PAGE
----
60 with 37 posters participating
- Is Cruise looking to replicate the McDonald’s model but with ride-hailing instead of fast food?
- The Cruise Origin electric driverless shuttle is displayed during an event in San Francisco, California, on Tuesday, Jan. 21, 2020. The shuttle, called Origin, is designed to be more spacious and passenger-friendly than a conventional human-driven car. The silver squared-off vehicle lacks traditional controls like pedals and a steering wheel, freeing up room for multiple people to share rides.
- San Francisco natives might take issue with how big this sidewalk is or how free it appears from human excrement.
- With no driver to worry about, there’s a ton of room in here.
- The seats are made from the same hard-wearing stuff they use on public transport.
- You’ll be able to plug stuff in to charge.
- Drop-off information is displayed on a screen inside the Cruise Origin taxi pod.
- Driverless Chevy Bolts are a common sight on the streets of San Francisco, where Cruise is based.
Like a lot of autonomous vehicle (AV) developers, Cruise has been having a tough time recently. Slammed by brutalreporting on its technological struggles, the GM-, Honda-, and Softbank-backed firm recently abandoned plans for an ambitious 2019 commercial deployment of its autonomous mobility service. Adding insult to injury, its request for safety-regulation waivers allowing it to deploy a version of its fourth-generation Chevrolet Bolt without human controls has languished at the National Highway Traffic Safety Administration.
So when Cruise unveiled its Origin robotaxi at a flashy San Francisco event last week, it was in effect a reboot of the company’s plans under new CEO Dan Ammann, who came over from GM at the end of 2018. Unfortunately, after weeks of hyping a vision of mobility “beyond the car,” Cruise shared almost no details about the Origin, including such basic information as its size, battery capacity, sensor suite, or deployment plans. Though it’s hard to fault Cruise for erring on the side of caution, the resulting confusion and snark about Origin only highlighted how hard it has become to communicate about the autonomous vehicle space.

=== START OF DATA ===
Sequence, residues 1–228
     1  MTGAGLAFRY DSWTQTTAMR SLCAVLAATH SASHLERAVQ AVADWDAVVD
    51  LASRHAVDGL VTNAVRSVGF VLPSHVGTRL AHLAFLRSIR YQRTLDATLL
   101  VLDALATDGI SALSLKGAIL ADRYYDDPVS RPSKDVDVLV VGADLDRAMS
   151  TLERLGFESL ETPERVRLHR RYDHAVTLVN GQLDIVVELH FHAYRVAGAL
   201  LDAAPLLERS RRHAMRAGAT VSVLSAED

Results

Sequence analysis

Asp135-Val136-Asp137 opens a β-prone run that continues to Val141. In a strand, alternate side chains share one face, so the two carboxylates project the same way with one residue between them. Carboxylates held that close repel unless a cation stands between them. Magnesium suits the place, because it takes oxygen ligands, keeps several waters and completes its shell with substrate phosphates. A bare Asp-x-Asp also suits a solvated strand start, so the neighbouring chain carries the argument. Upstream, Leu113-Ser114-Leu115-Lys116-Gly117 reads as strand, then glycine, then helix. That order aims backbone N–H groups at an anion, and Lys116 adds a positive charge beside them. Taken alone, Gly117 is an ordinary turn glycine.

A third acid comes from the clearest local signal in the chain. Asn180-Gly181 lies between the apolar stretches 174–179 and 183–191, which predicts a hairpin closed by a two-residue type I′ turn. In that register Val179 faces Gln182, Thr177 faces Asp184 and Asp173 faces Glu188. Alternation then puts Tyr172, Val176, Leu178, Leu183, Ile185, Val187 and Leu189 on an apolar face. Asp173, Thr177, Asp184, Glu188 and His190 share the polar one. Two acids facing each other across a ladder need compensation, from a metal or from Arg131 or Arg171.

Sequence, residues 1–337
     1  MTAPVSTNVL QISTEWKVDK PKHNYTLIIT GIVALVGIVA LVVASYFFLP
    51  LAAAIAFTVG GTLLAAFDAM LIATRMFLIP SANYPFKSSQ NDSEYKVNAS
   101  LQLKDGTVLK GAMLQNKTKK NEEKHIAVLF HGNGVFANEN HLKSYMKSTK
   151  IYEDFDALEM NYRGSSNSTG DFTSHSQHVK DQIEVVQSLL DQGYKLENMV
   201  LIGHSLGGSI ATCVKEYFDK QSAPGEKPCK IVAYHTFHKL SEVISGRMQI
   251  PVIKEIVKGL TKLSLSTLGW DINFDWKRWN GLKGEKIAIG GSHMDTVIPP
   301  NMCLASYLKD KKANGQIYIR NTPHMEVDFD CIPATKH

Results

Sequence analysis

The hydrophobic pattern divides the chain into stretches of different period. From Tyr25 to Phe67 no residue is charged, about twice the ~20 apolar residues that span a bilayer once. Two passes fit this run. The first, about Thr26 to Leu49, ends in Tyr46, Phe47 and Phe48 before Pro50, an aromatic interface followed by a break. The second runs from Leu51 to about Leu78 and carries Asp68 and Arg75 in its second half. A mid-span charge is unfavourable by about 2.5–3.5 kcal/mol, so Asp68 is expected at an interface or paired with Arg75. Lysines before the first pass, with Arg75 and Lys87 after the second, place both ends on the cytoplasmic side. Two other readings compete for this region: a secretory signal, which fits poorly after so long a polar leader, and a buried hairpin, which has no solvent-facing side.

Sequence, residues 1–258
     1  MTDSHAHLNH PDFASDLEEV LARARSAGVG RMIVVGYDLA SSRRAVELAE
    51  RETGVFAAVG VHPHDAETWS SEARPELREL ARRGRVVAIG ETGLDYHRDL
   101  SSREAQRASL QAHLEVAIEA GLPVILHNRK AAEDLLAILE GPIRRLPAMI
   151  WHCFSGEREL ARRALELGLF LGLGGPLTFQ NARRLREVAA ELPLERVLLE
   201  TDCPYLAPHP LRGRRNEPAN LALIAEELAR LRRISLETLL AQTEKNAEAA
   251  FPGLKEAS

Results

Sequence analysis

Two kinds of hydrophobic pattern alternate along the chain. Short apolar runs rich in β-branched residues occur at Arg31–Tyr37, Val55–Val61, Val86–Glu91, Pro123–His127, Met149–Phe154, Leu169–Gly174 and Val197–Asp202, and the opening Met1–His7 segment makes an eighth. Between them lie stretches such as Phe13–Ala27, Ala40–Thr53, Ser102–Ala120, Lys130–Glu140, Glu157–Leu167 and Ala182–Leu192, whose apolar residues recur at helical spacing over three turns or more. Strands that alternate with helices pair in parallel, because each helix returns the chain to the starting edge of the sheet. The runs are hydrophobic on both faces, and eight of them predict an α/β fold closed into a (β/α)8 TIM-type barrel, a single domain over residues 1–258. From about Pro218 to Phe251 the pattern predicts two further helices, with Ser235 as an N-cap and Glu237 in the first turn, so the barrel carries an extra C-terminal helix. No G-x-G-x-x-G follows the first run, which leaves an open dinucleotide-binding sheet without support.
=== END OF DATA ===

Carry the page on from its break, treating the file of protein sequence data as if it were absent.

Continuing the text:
But even as Cruise seemed to flub its latest big communication effort, it actually provided the answer to a critical question that other AV companies have yet to address: how its robotaxi service is going to compete in an increasingly crowded mobility market. Though largely lost in the soaring, aspirational “beyond the car” messaging, both Ammann’s comments and the Origin’s design subtly illustrated a surprisingly grounded vision for a business that is all too often imagined as sci-fi fantasy. Put simply, it seems that the Origin will be the foundation of a business positioned to become the McDonald’s of mobility.
The same, every time
Though today the iconic fast food chain has become synonymous with a host of attributes, some positive and some less so, its success boils down to two key factors: value and consistency. In a time before Happy Meals and Disney movie-based promotional tie-ins, McDonald’s stood out in a sea of Mom and Pop restaurants by leveraging scale and culture to provide competitive value that was utterly consistent. Some roadside restaurants might have been better, and others were definitely worse, but McDonald’s has always prioritized a consistent experience no matter where in the world you are.
This seems to be how Cruise CEO Dan Ammann envisions his company’s robotaxi service thriving in an increasingly crowded mobility marketplace.
On the value side, Cruise has laid out an ambitious cost target of around $40,000 to $50,000 for its Origin by leveraging the scale of its investor-partners, GM and Honda. Beneath Origin’s orange and black body lies GM’s third-generation battery-electric platform, which will achieve scale by underpinning an entire range of privately owned vehicles. Costs are further spread out by leveraging both GM and Honda’s resources to develop the vehicle itself, giving both automakers a toehold in the robotaxi business for half the cost of doing it themselves.